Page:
Carter G. Woodson- Chapter 9: Political Education Neglected part 1

It’s Black History Month, so I am continuing with the series of posts regarding Shaw resident and Father of Black History, Carter G. Woodson and his book The Mis-Education of the Negro, published in 1933.

The first two paragraphs of chapter 9:

Some time ago when Congressman Oscar De Priest was distributing by thousands copies of the Constitution of the United States certain wiseacres were disposed to make fun of it. What purpose would such an act serve? These critics, however, probably did not know that thousands and thousands of Negro children in this country are not permitted to use school books in which are printed the Declaration of Independence or the Constitution of the United States. Thomas Jefferson and James Madison are mentioned in their history as figures in politics rather than as expounders of liberty and freedom. These youths are not permitted to learn that Jefferson believed that government should derive its power from the consent of the governed.

Not long ago a measure was introduced in a certain State Legislature to have the Constitution of the United States thus printed in school histories, but when the bill was about to pass it was killed by some one who made the point that it would never do to have Negroes study the Constitution of the United States. If the Negroes were granted the opportunity to peruse this document, they might learn to contend for the rights therein guaranteed; and no Negro teacher who gives attention to such matters of the government is tolerated in those backward districts. The teaching of government or the lack of such instruction, then, must be made to conform to the policy of “keeping the Negro in his place.”

After looking at disappointing test scores for African American males at local public and charter schools, in my worst thoughts, I was under the impression that some folks were unaware that it was legal to teach Blacks to read. And if the population cannot read, they cannot read the nation’s founding documents, nor appreciate them. And if a man can’t appreciate the Constitution, he is ignorant of his rights as an American. It appears the powers that were in the 1930s were set to keep Blacks ignorant of their rights by keeping the Constitution out of the schools.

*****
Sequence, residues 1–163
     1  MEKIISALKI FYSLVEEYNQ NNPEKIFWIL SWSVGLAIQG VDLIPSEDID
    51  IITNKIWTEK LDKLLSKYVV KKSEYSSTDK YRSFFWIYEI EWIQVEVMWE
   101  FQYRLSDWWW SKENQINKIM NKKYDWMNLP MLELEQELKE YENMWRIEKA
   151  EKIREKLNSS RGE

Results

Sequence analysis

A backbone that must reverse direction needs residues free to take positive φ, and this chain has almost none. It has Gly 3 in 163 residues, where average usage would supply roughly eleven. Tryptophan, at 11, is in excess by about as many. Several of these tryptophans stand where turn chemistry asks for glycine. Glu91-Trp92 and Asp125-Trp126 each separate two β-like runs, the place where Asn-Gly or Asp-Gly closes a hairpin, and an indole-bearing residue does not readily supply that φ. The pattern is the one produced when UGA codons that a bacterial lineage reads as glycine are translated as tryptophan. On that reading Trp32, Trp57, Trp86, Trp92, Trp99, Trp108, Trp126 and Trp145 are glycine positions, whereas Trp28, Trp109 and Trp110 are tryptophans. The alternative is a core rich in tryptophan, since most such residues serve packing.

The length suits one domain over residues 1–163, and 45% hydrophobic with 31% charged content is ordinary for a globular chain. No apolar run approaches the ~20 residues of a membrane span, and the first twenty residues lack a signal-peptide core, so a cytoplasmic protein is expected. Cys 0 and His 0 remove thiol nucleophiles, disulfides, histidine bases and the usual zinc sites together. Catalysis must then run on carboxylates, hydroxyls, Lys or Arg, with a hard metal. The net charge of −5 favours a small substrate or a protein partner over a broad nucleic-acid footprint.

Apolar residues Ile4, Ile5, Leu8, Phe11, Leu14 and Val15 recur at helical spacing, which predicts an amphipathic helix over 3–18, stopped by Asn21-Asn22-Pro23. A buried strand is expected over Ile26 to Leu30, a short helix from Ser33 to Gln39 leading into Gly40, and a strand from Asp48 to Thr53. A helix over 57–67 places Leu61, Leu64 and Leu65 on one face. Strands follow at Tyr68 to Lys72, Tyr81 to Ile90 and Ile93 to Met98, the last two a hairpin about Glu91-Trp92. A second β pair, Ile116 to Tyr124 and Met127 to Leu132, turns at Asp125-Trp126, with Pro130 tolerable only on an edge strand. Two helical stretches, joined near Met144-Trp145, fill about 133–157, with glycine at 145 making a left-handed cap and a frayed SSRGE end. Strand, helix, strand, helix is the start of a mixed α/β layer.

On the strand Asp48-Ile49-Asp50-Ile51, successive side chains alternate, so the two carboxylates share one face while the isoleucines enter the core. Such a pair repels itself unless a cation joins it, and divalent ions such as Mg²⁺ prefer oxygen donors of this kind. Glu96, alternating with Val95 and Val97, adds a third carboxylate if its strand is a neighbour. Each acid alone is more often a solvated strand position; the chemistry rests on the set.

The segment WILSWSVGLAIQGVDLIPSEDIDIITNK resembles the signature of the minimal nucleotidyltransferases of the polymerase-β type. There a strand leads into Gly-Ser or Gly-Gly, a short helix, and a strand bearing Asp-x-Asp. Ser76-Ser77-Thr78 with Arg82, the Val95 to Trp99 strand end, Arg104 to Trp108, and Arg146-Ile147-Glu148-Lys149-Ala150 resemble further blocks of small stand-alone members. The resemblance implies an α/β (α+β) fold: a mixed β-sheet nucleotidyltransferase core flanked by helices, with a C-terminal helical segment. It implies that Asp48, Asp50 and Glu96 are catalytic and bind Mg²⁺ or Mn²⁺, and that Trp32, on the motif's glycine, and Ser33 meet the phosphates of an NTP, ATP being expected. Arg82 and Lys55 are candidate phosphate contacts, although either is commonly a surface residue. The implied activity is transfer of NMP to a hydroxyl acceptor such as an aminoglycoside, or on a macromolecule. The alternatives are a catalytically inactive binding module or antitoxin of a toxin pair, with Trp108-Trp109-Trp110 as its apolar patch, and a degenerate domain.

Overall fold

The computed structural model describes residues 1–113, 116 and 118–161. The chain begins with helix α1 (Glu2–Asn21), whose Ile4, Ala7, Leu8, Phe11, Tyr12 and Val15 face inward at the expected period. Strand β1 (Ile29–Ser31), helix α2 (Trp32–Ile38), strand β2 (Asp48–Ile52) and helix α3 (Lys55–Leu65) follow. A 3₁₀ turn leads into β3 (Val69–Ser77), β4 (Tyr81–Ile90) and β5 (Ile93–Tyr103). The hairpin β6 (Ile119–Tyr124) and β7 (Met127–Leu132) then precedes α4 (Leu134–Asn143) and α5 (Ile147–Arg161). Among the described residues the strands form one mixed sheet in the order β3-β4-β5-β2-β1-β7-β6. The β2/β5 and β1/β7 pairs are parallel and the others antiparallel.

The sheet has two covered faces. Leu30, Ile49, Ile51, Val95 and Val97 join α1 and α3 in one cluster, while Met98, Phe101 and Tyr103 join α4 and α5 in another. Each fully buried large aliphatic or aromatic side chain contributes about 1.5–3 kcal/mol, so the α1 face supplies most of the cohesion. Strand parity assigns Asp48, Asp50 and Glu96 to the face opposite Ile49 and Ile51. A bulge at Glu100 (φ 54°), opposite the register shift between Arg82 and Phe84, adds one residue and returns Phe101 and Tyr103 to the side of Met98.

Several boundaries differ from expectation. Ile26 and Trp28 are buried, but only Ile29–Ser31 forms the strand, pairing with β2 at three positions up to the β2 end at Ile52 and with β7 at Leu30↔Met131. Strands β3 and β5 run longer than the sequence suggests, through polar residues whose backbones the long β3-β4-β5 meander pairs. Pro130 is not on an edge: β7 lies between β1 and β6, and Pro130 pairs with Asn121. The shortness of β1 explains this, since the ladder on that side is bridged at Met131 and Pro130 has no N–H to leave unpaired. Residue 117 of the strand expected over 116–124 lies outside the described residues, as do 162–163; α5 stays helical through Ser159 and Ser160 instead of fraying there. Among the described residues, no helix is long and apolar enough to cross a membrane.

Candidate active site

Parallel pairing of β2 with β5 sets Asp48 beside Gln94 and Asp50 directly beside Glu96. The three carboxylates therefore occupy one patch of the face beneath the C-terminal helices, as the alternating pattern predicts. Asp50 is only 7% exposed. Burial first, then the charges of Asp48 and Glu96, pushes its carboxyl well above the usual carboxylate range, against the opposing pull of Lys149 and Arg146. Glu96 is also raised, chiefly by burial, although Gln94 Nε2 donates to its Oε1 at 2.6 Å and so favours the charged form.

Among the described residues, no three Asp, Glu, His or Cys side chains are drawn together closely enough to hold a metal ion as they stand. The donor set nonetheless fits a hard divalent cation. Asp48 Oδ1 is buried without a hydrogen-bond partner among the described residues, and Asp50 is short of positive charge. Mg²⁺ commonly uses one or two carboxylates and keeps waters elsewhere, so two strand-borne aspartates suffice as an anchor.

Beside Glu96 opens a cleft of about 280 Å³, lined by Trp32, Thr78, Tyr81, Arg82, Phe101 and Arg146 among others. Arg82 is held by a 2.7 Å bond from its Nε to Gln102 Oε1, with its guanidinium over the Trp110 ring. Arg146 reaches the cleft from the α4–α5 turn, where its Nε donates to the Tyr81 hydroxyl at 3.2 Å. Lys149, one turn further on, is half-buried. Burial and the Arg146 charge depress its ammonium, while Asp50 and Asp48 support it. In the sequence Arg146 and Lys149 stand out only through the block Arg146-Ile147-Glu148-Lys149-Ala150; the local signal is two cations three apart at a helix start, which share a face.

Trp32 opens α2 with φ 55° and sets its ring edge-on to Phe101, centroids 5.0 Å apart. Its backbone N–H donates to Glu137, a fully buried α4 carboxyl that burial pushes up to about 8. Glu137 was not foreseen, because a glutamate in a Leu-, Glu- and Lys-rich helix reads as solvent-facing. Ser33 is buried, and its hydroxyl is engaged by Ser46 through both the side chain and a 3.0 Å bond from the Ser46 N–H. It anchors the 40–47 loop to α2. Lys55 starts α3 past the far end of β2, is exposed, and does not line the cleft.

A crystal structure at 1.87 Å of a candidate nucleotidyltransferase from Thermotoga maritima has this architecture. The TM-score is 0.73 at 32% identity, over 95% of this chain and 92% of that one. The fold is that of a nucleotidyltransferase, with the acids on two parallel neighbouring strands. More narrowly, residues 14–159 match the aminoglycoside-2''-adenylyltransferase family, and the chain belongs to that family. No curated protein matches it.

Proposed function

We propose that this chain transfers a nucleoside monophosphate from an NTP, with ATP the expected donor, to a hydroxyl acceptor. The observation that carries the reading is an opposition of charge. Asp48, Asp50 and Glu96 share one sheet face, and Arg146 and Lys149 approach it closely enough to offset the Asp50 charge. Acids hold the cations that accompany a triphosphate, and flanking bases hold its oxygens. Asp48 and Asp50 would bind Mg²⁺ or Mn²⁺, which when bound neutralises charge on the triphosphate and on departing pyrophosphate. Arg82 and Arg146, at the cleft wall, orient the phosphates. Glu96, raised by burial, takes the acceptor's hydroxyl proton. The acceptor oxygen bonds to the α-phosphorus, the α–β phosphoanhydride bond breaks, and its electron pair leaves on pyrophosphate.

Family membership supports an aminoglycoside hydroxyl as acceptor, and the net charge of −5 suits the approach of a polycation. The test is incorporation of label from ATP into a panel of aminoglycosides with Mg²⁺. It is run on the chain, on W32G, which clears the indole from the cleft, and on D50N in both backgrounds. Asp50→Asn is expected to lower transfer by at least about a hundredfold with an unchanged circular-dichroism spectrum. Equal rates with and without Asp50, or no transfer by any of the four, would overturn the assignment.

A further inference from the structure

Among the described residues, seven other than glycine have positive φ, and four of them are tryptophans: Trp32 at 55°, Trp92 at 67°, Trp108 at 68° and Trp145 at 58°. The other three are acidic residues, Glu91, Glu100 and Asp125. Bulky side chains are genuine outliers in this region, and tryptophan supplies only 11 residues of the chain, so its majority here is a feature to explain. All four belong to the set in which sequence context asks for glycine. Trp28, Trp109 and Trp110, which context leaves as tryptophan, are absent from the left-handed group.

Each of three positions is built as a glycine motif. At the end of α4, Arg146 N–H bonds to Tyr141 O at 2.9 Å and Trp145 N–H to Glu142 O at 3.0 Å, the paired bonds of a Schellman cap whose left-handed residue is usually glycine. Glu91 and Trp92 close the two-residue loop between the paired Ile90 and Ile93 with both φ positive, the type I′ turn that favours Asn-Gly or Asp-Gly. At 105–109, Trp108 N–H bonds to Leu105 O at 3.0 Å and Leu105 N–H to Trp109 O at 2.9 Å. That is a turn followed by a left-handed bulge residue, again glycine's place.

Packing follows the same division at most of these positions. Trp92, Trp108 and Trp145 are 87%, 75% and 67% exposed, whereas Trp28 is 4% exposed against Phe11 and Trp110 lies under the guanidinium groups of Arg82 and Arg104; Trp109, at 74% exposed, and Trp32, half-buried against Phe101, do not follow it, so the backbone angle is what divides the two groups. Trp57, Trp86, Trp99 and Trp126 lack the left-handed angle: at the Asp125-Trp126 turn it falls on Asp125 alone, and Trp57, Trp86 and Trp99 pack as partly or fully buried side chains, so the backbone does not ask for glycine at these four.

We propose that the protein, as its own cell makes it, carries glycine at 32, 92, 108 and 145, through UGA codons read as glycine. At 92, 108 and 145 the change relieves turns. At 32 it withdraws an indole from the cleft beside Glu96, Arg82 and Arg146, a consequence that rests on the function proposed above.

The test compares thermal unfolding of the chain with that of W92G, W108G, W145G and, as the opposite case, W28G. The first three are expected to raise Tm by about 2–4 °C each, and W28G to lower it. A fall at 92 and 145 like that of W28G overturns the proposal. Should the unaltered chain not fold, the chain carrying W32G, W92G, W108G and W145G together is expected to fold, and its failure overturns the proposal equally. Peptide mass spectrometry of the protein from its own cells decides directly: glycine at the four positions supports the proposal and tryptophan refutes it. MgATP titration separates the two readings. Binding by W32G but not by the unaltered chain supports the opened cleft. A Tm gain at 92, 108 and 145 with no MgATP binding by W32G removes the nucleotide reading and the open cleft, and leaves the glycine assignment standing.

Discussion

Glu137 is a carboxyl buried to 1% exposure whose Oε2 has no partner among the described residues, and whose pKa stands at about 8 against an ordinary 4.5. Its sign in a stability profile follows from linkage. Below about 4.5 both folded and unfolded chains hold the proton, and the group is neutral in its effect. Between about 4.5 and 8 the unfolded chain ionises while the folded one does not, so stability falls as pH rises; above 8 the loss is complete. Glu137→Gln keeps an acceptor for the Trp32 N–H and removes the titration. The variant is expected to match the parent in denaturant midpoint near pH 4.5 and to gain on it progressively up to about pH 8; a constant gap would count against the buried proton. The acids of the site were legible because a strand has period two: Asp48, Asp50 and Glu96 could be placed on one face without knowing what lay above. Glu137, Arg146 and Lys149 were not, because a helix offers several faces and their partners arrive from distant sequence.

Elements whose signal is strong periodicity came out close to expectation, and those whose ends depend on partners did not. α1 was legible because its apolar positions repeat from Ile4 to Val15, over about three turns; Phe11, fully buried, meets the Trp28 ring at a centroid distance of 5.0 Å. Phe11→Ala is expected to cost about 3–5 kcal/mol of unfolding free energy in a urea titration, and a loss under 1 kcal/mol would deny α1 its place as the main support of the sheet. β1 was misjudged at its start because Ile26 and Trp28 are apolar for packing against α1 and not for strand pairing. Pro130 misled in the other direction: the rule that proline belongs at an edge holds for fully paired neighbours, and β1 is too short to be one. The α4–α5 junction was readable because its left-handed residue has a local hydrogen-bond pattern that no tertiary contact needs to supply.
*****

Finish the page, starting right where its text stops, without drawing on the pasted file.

In the previous chapter Dr. Woodson noted how the dominate racial group had put hurdles in the path of Black lawyers. This as another way to deny the Black man his rights, by denying him his 6th Amendment right to council, of his own race.

Fast forward to now. America has tons of African American lawyers. However, the Constitution and America’s Founding Fathers, such as Jefferson and Madison have fallen out of fashion.

In my next post I will look for this book’s trademark swipe at “educated” African Americans in this chapter. At this point it is almost a drinking game.

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